I became Catholic this year with full knowledge that I was joining a beaten, bloodied Church.
It came as no surprise to me that truly following Christ, radically and fully, was going to require the taking up of my cross. That I was going to lose the support of family members and friends. That I would be set upon financially. That I would be ridiculed, shamed, and mocked.
Steve Skojec warned me that this was not going to be easy, and my father did for years before that, and it never felt deterrent at all. In fact, it felt like a challenge. The words God gave me, His question, my choice – “Will you love Truth more than your own life?” – are with me often.
When Pope Francis changed the text of the Catechism regarding the permissibility of the death penalty a couple of weeks back, I knew that this question would continually be asked of me in bigger and bigger ways. By grace, I see God’s plan in hindsight, unfolding before all of us as we walk one shrouded step at a time.
I knew that the “death penalty thing” was a test balloon for what Pope Francis could get away with. I knew that it was a secondary issue to the real goals of the snakes coiling up in the Vatican: to confuse the faithful with regard to the Church’s teaching authority; to attempt to subvert the unchanging nature of the Church’s teachings; and to use such strategies to further their blatant goal of destroying Catholic moral objectivity vis-à-vis the allowance of homosexuality, female priests, Holy Communion for adulterers, and all the rest.
In my ignorance, though, I was still missing much of the big picture.
The death penalty experiment was not simply a test balloon for the Church public and their acceptance of the constant railroading of laxity and “progressivism,” though perhaps that is all Pope Francis wanted it to be.
I argue that this event has been claimed as a “test balloon” by Jesus Christ.
“But the king shall rejoice in God, all they shall be praised that swear by him: because the mouth is stopped of them that speak wicked things.” –Psalm 63:11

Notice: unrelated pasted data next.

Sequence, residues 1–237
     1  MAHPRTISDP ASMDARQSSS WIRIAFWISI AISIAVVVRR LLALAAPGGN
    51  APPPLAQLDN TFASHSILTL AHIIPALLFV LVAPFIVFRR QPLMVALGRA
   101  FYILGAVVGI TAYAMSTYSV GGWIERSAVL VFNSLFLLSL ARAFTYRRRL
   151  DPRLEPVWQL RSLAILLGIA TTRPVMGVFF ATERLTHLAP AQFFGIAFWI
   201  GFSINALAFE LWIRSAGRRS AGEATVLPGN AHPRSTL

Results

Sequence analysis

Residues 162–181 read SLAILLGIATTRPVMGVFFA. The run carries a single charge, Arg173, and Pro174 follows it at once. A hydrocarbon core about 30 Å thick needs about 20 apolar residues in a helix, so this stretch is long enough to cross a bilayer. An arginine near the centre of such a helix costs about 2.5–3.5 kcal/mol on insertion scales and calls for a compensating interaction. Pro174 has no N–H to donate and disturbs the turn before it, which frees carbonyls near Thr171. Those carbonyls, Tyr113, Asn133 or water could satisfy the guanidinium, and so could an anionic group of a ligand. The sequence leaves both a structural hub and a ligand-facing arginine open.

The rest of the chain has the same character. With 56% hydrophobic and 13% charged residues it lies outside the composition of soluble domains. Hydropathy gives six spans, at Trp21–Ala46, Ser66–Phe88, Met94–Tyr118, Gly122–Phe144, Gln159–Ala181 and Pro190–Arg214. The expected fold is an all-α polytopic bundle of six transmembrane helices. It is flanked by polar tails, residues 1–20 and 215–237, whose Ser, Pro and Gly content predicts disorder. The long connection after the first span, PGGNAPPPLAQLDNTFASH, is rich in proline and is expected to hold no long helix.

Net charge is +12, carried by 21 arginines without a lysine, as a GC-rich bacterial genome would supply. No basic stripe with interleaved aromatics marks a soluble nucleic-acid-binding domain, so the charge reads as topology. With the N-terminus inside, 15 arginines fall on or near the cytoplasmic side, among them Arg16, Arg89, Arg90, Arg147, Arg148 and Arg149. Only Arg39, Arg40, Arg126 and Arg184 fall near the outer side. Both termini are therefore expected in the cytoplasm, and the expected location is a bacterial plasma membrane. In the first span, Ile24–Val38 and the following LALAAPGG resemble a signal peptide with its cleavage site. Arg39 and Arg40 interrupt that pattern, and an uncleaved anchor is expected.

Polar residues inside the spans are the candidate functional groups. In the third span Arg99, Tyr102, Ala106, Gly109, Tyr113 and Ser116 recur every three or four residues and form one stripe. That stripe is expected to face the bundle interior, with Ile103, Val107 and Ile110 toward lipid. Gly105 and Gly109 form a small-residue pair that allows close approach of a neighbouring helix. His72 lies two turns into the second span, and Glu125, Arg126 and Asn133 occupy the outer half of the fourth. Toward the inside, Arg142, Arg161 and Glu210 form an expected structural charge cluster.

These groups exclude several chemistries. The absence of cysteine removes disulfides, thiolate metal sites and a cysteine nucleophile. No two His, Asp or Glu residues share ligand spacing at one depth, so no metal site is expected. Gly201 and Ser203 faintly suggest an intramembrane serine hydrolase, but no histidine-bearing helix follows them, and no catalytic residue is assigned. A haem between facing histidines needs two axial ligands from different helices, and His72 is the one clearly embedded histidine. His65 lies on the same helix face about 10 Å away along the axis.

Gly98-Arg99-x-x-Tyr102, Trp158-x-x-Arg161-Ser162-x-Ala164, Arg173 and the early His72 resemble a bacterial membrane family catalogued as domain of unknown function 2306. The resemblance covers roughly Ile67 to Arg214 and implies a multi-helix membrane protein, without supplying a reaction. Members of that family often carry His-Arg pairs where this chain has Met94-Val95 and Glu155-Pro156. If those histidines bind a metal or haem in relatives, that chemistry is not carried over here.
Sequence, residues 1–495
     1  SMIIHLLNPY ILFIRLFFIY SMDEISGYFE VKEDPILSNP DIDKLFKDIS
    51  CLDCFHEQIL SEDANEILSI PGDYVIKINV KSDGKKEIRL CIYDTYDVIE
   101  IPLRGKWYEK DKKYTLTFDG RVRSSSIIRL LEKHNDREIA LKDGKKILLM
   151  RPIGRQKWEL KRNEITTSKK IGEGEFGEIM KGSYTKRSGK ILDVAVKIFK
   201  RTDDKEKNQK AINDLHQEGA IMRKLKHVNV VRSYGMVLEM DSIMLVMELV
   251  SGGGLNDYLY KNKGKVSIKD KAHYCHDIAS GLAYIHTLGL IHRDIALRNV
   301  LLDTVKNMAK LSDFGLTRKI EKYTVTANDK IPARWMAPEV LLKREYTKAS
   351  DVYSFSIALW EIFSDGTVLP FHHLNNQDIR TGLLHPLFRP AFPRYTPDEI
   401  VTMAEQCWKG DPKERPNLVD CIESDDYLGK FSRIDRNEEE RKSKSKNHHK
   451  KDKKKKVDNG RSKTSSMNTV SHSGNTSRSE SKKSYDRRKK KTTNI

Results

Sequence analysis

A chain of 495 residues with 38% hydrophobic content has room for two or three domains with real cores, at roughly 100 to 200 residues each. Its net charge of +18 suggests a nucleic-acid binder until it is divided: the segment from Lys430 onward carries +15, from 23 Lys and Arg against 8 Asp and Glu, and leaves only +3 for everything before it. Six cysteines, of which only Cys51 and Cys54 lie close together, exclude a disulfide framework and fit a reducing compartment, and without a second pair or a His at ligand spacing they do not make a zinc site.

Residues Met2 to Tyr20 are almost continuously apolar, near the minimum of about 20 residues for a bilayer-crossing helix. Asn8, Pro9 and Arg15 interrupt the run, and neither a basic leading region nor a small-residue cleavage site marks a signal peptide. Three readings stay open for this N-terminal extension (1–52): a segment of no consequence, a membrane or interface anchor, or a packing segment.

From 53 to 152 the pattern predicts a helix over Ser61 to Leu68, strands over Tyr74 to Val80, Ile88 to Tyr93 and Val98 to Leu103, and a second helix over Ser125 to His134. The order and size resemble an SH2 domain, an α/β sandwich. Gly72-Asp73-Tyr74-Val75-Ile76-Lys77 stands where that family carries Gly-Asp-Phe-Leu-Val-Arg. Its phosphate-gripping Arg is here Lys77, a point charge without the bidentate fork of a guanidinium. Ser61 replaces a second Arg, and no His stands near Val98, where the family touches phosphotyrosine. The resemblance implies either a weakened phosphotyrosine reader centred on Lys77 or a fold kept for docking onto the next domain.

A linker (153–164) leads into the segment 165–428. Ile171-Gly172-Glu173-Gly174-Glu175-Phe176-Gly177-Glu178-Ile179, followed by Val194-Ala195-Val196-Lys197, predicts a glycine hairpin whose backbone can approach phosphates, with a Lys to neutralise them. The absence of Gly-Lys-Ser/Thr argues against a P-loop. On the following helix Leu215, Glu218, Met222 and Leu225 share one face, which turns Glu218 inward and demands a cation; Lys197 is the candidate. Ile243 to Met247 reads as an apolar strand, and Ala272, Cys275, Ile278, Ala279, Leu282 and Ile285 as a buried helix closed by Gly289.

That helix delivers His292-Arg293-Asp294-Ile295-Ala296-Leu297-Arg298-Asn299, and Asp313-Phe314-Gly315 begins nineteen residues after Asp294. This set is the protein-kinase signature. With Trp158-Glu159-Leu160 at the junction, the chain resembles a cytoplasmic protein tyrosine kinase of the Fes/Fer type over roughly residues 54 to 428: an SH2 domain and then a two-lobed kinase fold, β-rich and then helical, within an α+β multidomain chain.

I firmly believe that what we are seeing at this moment is happening because the Holy Ghost, even as he allows this painful (and well deserved) chastisement to occur by our own hands, is Himself closing the mouths of those who speak wicked things. He is “making a mess,” as Pope Francis might put it.
Christ was beaten. He was tortured. Spat upon. Mocked, ridiculed, blasphemed, subjected to every horror at Calvary. Yet still, He offered Himself as the spotless Lamb, once and for all, in an act of perfect divine love for his creation.
His bones were not broken.
Holy Mother Church, in the Second Vatican Council and even more so in the chaos that has followed, has been beaten, spat upon, mocked, tortured, and abused in the same way as Christ. And why should such not come? We are His Body, and far too many of us chose sin and evil over loving our Bridegroom.
In many parishes throughout the world, we find the liturgy of an abused woman, her face nearly unrecognizable, her eyelids purpled and her cheeks swollen. We stay with her, witnessing her wounds when we must out of necessity, and knowing that no matter how much she puts up with, we cannot turn from her.
We stay because we remember one thing: her bones were not broken, either.
Vatican II was a bad council. The Novus Ordo was, and is, a bad Mass. But God’s strength is found in our weakness, and that bloody century – and the clingings on of it in the 21st – is no exception to His redeeming power.